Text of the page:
Meanwhile, there is more woven into this homecoming than a jersey.

Elumenor, who moved to Denville, N.J., as a teenager and played at Morris Knolls High School, will reunite with offensive line coach Carmen Bricillo. They go back to their days together in New England, where both arrived in 2019. Bricillo began his NFL career as a coaching assistant before taking over as the Patriots' line coach in 2020. Eluemunor then moved on to the Raiders in 2021, and Bricillo joined him the following season.

In his first season with the Raiders in 2022, Bricillo's unit helped the Raiders' offense rush for 2,059 yards, the team's most in a single season since 2011. Raiders rushers were stopped for a loss or no gain an NFL-low 68 times in 2022, and Josh Jacobs led the league with 1,653 yards.

Overall, Eluemunor has played in 87 games for the Ravens (2017-18), Patriots (2019-20), and Raiders (2021-23). He has made 45 regular-season starts – 32 at right tackle, seven at left tackle, and six at right guard. He has also appeared in two postseason games.

"If you really look at my production, my best two years came under Carm," Eluemunor said. "To have someone like him that just believes in you and is going to go to war and bat for you up in that room up there and give you tough love and also do what needs to be done and help you in ways that you need to be helped, that goes a long way.

"I've been around the league long enough to know that not every team is blessed to have an o-line coach that knows the game like him but then is also going to be as technical as him and knows the things he knows. He got to study under one of the best o-line coaches, if not the best o-line coach that ever coached in the NFL, (former Patriots offensive line coach) Dante Scarnecchia. To have that experience, that's huge. I think that will be really huge for the young guys to learn from him and take his coaching to help them take that next step in their progression as an offensive lineman."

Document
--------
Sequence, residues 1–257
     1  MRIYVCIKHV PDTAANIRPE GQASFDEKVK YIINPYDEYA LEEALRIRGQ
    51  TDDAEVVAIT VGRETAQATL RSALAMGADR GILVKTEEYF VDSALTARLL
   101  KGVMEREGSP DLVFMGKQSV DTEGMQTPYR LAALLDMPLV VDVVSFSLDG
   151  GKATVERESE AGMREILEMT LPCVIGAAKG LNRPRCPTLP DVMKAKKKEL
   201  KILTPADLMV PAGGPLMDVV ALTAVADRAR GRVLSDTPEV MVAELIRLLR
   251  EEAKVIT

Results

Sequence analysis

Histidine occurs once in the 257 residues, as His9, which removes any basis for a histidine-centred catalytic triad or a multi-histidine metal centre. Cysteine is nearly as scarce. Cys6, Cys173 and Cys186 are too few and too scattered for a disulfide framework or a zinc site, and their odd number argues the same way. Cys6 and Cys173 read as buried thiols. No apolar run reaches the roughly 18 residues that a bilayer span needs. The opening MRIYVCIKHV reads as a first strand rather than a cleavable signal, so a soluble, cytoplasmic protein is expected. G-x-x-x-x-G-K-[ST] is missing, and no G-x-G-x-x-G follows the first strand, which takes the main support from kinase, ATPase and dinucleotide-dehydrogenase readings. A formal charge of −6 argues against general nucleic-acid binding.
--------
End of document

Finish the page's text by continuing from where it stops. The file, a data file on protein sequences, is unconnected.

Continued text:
Eluemunor added, "Me and Carm have really grown together in the league. If you really look at every year, I've only not been with Carm for one year of my career, which is when I got to Vegas with Jon Gruden. Me and Carm, our progression has been similar, him as a coach and me as a player. It's having that trust in him and belief that if I give him everything I have he is going to give me everything he has, and he is going to coach me hard and love me harder, and I'm going to go out there and do everything I can to just show how good of a coach Carm is. I think he's gotten a lot better as a coach over the last couple years because he's really started believing in himself and he is a really talented coach, and he can really coach people and help them improve their game. I think you see that with the offensive lines we've had in Las Vegas. We haven't had the best record, but if you really look at the offensive line, we've been pretty dominant, and that's because of Carm's teaching and then also our love of the game."